One senior EU source said last night that the proposals will move towards the ‘light touch regime Britain had been seeking’. 

They added: ‘There will always be a certain level of control and checks because that is demanded by the single market, but they will be reduced to a level, which is the absolute minimum, that the EU system can bear.

‘I think for any reasonable person. They should be able to see that the remaining level of restrictions are extremely low, and shouldn’t pose any difficulties for importers or consumers in Northern Ireland.’

However, the stand-off over the issue of ECJ oversight risks scuppering the talks. 

Lord Frost said in a speech in Lisbon, Portugal, yesterday that the European Commission has been ‘too quick to dismiss governance as a side issue’ when ‘the reality is the opposite’. 

EU figures have reportedly been surprised at the emergence of the issue as a major sticking point for the UK, with Brussels insistent that the ECJ must retain its oversight of the protocol.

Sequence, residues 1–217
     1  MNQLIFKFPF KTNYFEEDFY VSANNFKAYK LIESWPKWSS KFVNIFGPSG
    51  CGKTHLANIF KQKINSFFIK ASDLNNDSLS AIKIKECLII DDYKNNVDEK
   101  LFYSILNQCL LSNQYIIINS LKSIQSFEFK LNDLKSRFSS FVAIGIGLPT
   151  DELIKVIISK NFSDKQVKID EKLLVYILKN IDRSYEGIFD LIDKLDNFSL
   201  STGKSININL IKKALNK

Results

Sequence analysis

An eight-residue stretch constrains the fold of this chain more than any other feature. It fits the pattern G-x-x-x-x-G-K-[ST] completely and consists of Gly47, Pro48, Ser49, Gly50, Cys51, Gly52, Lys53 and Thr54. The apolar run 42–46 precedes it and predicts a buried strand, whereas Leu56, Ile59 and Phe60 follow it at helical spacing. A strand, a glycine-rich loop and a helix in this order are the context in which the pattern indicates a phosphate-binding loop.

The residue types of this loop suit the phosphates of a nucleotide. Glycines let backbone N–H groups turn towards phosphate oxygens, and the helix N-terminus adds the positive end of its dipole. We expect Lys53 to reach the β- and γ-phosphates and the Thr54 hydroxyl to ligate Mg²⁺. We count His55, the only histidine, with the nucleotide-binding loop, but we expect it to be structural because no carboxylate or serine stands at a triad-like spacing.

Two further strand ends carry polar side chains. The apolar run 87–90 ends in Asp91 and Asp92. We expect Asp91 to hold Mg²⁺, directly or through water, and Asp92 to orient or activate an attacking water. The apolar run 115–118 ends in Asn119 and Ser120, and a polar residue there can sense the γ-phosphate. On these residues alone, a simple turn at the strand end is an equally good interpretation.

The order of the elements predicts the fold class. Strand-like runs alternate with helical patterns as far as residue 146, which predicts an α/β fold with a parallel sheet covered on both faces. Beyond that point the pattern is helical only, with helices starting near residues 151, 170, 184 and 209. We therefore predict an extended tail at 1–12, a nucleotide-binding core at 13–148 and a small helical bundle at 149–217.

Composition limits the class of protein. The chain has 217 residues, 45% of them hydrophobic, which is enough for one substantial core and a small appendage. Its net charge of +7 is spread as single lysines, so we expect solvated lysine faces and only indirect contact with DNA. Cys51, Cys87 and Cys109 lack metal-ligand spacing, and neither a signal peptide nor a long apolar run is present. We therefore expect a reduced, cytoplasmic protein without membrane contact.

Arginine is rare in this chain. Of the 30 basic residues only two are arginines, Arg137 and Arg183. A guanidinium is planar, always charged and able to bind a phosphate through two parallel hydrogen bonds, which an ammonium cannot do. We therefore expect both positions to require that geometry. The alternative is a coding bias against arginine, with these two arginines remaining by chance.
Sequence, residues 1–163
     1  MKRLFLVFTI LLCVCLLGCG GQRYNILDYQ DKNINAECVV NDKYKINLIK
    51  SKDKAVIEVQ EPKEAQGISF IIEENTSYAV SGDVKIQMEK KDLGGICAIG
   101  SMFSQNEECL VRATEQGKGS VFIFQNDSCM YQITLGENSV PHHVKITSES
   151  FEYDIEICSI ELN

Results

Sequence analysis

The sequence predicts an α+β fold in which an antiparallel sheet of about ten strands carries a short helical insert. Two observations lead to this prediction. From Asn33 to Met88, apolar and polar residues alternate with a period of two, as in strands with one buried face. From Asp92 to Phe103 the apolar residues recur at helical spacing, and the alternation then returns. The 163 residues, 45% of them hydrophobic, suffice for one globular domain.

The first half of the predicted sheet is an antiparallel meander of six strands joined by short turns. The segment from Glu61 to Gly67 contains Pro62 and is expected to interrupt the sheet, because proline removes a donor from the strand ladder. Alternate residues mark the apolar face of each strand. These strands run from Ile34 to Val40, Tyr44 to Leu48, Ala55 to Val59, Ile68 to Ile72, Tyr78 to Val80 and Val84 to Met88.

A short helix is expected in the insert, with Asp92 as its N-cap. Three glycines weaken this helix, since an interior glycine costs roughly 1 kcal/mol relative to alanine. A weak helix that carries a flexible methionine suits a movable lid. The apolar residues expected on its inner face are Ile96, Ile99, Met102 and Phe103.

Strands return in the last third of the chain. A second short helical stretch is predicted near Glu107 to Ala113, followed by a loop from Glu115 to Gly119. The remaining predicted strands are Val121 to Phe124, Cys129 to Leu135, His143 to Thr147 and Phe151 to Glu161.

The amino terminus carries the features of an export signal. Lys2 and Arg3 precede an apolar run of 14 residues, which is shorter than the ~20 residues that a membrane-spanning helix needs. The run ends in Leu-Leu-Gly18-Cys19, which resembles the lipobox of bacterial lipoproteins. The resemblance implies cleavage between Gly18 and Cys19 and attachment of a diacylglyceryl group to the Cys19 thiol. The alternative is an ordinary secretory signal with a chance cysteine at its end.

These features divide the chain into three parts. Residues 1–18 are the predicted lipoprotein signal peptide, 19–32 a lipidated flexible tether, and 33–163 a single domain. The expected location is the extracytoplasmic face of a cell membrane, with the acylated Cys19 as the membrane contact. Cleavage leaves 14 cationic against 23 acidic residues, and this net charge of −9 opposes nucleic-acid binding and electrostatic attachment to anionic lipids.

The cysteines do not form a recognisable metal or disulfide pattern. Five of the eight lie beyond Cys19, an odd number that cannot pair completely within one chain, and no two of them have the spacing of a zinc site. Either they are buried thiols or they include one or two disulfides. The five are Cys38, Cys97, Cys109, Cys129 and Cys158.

The Northern Ireland Protocol requires checks on goods travelling from GB to Northern Ireland to be carried out at ports in order to avoid the return of a land border with the Republic but it has caused trade disruption and inflamed community tensions

The Northern Ireland Protocol requires checks on goods travelling from GB to Northern Ireland to be carried out at ports in order to avoid the return of a land border with the Republic but it has caused trade disruption and inflamed community tensions

Lord Frost’s demand to replace the role of the court with a system of international arbitration was last night dismissed by a senior EU diplomat who said it would be ‘impossible’ for the bloc to agree to. 

Lord Frost said this afternoon that the reach of the ECJ is a key issue that must be resolved.